Artists did not always grasp the concept of “national character.” Nor did cultural politicians define it in clear terms. Consequently, many artists chose to ignore this issue, leaving it to the viewer or the judges at the national art exhibitions to decide whether their work contained national character. Still, they were obligated to include aspects of what they perceived to be an acceptable theme or style in their work in order to receive recognition from the Arts Association.
In 1962, at the second congress of the Arts Association, an attempt was made to define the components of national character to provide specific guidelines for artists to follow in the making of their artworks. No concise definition was drawn, but the general parameters of the issue were made clear. According to one definition, “national character is the way of life and expression of a community of people who live together over long periods of time.” Elsewhere, it was described as the “most natural element that constitutes humankind. So natural, in fact, that it defies all definition.” The general understanding of national character was that it exemplified the spirit of the Vietnamese people in their struggle for independence, their daily work, and their ancient historical culture. Daily life, history, and “traditional” culture were the themes that were considered “beautiful” and “true” by the Arts Association and therefore deemed to be most representative of Vietnamese character. The Communist Party's definition of daily life, history, and tradition did not always coincide with artists'understanding of those terms. Often, artists who thought they had displayed national character in their work were surprised to find out that their painting was not accepted by the Arts Association. Le Thi Kim Bach (born in 1938; student at the Hanoi College of Art from 1957 to 1960 and at the Soviet National University of Fine Arts in Kiev from 1961 to 1967) had one of her paintings rejected from a national art exhibition because, she said, the subject of her work, an old peasant woman, seemed overly sad.
Paintings that represented farmers toiling in the fields, soldiers going to the front, or factory workers handling machinery were considered to contain national character, as were paintings that depicted historical figures, war heroes, and legendary independence fighters. But, if there was any suggestion of misery or violence in association with these images, the painting would be dismissed as unpatriotic. In his essay on Marxism and Vietnamese culture, Truong Chinh, secretary-general of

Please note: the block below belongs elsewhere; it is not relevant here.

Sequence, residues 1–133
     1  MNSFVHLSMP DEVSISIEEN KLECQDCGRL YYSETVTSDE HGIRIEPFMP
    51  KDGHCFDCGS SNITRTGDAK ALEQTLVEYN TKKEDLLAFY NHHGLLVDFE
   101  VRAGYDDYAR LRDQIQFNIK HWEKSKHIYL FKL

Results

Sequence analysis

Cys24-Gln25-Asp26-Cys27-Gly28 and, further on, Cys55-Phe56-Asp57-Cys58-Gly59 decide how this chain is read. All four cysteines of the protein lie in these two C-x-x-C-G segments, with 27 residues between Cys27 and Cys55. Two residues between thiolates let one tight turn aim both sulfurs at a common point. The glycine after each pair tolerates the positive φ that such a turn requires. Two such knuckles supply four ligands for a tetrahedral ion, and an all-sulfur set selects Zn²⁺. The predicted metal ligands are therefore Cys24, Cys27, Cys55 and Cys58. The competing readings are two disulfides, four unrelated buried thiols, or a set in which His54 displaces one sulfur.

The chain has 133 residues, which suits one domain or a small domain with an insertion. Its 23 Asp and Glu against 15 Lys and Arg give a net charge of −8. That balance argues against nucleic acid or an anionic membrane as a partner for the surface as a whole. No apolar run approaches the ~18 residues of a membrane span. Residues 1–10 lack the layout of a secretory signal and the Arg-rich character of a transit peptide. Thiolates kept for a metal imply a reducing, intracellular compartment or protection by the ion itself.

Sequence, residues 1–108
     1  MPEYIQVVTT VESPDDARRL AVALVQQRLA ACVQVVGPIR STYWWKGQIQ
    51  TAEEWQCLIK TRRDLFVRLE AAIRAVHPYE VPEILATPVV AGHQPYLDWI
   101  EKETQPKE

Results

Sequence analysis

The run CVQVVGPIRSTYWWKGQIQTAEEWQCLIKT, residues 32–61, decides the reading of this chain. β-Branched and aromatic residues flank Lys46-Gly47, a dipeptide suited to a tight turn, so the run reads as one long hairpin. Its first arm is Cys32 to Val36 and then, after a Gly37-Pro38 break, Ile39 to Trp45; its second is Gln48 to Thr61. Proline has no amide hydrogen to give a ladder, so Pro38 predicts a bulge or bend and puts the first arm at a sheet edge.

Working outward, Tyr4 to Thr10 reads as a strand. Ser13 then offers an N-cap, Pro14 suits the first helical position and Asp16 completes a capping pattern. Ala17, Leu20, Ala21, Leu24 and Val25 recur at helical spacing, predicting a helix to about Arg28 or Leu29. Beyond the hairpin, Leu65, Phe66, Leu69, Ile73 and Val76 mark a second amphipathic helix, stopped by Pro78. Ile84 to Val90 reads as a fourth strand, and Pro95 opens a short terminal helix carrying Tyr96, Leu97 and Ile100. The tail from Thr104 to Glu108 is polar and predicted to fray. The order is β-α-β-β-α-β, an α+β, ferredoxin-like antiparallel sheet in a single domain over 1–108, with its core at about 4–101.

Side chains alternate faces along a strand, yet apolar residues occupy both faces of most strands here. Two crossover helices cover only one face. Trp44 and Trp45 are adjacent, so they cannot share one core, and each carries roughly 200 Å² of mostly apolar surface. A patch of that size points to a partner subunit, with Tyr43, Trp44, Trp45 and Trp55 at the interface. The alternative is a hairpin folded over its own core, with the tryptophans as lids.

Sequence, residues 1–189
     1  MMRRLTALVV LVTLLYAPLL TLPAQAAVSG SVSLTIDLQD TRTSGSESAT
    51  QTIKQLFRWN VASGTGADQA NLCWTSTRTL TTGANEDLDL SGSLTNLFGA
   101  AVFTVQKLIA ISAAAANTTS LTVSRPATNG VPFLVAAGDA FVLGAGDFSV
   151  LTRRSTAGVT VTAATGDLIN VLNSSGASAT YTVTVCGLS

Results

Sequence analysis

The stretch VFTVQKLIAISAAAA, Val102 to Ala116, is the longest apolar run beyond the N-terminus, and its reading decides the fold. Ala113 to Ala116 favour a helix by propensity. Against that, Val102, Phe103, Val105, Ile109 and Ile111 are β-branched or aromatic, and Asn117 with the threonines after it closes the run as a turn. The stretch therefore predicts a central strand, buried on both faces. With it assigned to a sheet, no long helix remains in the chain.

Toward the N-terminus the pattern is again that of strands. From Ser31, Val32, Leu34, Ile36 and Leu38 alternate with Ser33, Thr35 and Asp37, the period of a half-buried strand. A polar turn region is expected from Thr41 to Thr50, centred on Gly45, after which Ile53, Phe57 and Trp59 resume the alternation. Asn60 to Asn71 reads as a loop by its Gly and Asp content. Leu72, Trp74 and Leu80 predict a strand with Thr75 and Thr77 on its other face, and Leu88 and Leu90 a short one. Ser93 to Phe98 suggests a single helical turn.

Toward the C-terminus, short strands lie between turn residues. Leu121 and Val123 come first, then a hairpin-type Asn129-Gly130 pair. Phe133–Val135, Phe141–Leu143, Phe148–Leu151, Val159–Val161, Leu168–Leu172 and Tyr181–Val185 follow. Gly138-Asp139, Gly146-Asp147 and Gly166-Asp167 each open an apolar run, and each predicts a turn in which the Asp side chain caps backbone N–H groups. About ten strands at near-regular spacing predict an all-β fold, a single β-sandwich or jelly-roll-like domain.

In the early 1960s, the regulations governing Arts Association artists were particularly strict and rigidly enforced. Several incidents involving artists and writers in the late 1950s had caused the Communist Party to pay close attention to the production of paintings and sculpture to ensure that artists were not going against the rules set by the Arts Association for the public display of artworks. The incidents in question involved a group of writers and artists who, at the first meetings of the Writers Association in 1956, had demanded greater freedom of expression and creative rights. These writers and artists were in fact asking to be allowed to produce “art for art's sake,” a notion that went against Ho Chi Minh's requirement for artists to follow the Maoist notion of “art for the service of the people.” After publishing four issues of two art and literature journals entitled Humanism (Nhan Van) and Masterpieces (Giai Pham), several of the contributors were severely punished and sent to prison for “betraying the interests of the Communist Party, the Nation and the people of Vietnam.” The painters Nguyen Sy Ngoc (1919–90; student of the EBAI from 1939 to 1944) and Nguyen Sang (1923–88; student of the EBAI from 1940 to 1945) were directly affected by their involvement in this affair. Nguyen Sy Ngoc was sent to a labor camp for two years, and Nguyen Sang was barred from employment with the Arts Association.
The other artists and writers involved were also banned from their previous positions and only gradually reintegrated into the artistic mainstream. The artists and writers involved in the criticism of the